So that didn’t work. Sorry about the disruption this morning. Apparently the e-mails sent out to remind us to renew our domain name were sent to the inactive address of a person who no longer works at Fantagraphics. It seems to be all fixed now, though, and shouldn’t be a problem ever again. Though keep track of this date a year from now, and we’ll see.
Okay, and we have two new prose columns up. First, R.C. Harvey is back with more thoughts about Bill Blackbeard.
[Bob] Beerbohm’s question hangs in the air: Why did no one know that Blackbeard had died? The man whose passion for collecting comic strips had launched hundreds of reprint projects slipped away without anyone knowing? “Why is that?”
And Frank Santoro posted his most recent Layout Workbook Sunday. This time, the topic was Asterios Polyp. (Have you been following along with this stuff? The sheer mass of evidence Frank has laid out so far is pretty impressive.)
Once I was teaching a class in my studio and I would randomly open Asterios Polyp to a spread and diagram it from the center out. The folks in the class practically fainted when they would see a random spread “line up” right in front of their eyes with a few twists of a compass. It’s fun! Try it at home!
Austin English reviews a book likely to be one of the year’s major releases, Lorenzo Mattotti’s Stigmata.
Often, in a comic, if the reader is unsure of how to react to a particular character’s physicality, it’s due to the poverty of the cartooning (or the imaginative breadth of the story). But with Stigmata, the portrayal of the main character is so sophisticated that it defies us to size him up.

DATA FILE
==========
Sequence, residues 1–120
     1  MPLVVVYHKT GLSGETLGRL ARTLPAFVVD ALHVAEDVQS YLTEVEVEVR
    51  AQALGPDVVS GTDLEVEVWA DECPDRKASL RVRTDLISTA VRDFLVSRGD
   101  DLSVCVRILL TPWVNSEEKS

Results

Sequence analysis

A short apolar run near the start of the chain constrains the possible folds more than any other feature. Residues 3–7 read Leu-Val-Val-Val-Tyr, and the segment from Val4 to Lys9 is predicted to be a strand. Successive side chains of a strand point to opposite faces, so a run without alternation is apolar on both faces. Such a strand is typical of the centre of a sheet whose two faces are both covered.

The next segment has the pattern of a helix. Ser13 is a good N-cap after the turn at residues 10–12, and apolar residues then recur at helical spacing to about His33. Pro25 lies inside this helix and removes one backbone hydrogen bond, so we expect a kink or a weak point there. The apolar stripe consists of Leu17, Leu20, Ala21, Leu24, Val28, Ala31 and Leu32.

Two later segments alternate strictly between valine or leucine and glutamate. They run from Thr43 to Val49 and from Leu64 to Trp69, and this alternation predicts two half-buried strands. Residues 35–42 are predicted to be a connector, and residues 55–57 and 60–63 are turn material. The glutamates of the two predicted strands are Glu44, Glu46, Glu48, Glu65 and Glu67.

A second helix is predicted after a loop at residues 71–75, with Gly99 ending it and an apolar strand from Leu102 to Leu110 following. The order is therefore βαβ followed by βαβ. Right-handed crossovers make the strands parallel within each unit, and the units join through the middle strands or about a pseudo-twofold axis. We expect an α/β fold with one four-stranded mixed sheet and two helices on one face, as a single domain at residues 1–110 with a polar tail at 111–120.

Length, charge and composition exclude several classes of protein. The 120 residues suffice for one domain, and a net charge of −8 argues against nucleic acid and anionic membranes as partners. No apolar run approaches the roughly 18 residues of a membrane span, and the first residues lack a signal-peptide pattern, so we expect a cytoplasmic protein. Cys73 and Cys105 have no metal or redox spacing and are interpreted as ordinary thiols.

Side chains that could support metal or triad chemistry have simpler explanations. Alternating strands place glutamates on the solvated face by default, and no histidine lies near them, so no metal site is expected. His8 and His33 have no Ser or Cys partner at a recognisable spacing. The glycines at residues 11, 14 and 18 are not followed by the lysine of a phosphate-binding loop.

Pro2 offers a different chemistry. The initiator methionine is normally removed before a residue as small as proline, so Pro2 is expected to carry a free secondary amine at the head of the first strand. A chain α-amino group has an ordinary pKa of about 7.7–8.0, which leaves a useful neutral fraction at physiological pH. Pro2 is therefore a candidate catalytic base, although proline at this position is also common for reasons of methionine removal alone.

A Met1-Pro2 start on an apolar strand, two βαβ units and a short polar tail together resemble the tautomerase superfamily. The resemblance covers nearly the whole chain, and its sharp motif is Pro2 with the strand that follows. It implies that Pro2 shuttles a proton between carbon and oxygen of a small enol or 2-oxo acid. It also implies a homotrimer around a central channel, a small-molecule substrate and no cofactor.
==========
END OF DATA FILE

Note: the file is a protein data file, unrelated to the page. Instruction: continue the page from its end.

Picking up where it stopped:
Finally, Dustin Harbin is our newest diarist. He went to TCAF, and drew a week’s worth of cartoons about it. Entry one is up now.
Dustin isn’t the only one filling out their convention reports a little late, and it’s understandable if you’re TCAF’d out by now. All the same, two recent posts on the show are still worth a look: Dylan Williams’s (especially in light of the far less sanguine takehe offered after this year’s MoCCA and Stumptown festivals), and Tom Devlin’s, just because he may be the funniest tour guide in comics.
In Jeet Heer news, he reviewed Chester Brown’s Paying for It in the Toronto Globe and Mail, and does so from a personal angle.
And now his daughter is getting into the comix tawk game.
Tom Hart, the best-liked man in comics, is holding a fundraiser for his Sequential Artists Workshop. Go here for more info.
Finally, Bhob Stewart has dug up a can’t-miss oddity, with a back story involving Doug Moench,
Robert Roger Ebert, and Vampirella.